Folding@Home Now More Powerful Than All the Supercomputers on Earth

Credit: NIH

The past six weeks have seen a lot of unprecedented activity across the globe, most of it bad. One bright spot in the gloom — though of course, a rather conditional one — has been the sudden explosion in computational power being flung at analyzing and understanding COVID-19.

It wasn’t that long ago we were reporting on the Folding@Home network’s record-breaking 1.5 exaFLOPS of performance. Now, the system has broken 2.5 exaflops. At that speed, it’s reportedly faster than the sustained performance of all Top500 supercomputers combined.

There’s a pretty significant asterisk to this, however. Folding@Home is still ramping up the amount of work they can assign to the network. If you don’t feel like this problem has improved much in recent weeks, it’s because the new machines have been signing on as fast as additional work can be farmed out.


Total computational power in the Folding@Home network.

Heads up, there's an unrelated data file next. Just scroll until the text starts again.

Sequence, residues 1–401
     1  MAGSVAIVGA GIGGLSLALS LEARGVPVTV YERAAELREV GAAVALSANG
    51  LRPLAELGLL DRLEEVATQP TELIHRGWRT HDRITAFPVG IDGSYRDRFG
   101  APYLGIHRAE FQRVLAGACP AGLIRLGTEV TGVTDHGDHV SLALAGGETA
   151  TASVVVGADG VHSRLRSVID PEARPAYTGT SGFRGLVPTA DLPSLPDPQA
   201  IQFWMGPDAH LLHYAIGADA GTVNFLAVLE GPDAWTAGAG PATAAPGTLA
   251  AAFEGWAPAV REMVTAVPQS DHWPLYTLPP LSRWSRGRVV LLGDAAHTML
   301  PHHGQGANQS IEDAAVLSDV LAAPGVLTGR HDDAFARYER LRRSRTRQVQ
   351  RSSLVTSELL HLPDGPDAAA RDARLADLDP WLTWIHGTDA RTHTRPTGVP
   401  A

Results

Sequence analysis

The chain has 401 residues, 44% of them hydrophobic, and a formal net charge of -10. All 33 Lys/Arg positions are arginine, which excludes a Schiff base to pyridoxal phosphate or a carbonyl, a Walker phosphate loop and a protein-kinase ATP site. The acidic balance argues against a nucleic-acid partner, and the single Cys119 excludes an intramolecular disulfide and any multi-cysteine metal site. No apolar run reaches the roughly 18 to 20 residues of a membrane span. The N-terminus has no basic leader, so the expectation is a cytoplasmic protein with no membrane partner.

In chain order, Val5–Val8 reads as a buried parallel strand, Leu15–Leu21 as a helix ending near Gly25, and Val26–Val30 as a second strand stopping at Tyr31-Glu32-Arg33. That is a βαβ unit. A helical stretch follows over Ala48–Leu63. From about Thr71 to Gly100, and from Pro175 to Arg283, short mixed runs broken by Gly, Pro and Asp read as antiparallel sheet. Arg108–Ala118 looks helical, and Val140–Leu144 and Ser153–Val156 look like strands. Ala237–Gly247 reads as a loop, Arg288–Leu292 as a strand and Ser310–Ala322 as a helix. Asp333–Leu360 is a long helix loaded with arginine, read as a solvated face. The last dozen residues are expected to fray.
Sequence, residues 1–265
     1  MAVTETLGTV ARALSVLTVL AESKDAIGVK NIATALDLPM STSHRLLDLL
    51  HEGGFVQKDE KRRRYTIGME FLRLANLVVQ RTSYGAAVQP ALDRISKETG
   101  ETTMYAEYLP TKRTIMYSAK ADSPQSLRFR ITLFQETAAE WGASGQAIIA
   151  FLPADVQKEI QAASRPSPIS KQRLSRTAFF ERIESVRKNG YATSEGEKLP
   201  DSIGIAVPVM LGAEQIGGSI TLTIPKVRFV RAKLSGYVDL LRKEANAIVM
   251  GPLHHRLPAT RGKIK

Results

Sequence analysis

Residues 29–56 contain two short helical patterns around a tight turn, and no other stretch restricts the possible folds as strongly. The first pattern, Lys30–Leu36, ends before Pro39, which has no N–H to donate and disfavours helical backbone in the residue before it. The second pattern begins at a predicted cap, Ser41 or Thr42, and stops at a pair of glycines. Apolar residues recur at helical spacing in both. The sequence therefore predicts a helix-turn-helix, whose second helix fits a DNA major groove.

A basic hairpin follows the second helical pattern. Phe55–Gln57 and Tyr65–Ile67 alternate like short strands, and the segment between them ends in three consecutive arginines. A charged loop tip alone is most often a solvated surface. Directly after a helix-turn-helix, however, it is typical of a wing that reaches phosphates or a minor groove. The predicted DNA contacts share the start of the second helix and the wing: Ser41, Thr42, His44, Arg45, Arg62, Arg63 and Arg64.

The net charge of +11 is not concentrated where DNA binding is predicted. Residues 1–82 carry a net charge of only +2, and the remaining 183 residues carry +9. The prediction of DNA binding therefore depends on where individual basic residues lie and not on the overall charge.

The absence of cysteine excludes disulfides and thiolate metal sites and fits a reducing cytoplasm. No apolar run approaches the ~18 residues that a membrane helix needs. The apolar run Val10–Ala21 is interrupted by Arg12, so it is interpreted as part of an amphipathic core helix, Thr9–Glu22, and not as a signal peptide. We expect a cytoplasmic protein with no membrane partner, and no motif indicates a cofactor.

On April 13, the team announced that Folding@Home would now test simulations of how existing antiviral drugs like Remdesivir may interfere with the normal replication of COVID-19 within the body. The goal for the project is to evaluate all of the FDA-approved NTP (Nucleotide TriPhosphate) drugs currently on the market to see which may be the most effective at killing coronavirus. The project is also continually working to distribute more work units to all available systems, so if you’ve noticed your system being idle lately, you’ve got two choices: Wait for some of the newer work units coming down the line, or move to a project like Rosetta@Home, which is generally smaller and could also probably use some help.

I’m genuinely curious to see what comes of all the computer time dedicated to solving COVID-19. We’ve never spent this much horsepower attacking a single virus in such a focused way, and what we learn here might be vital to long-term viral research on this and other projects. Never in human history — not with the human genome, or AIDS, or SARS, or even cancer research — has so much horsepower been so unilaterally focused on a single goal. I don’t know if it’ll pay dividends, but if it does, we’ll have learned something about just how much compute horsepower it takes to drive these kinds of breakthroughs.

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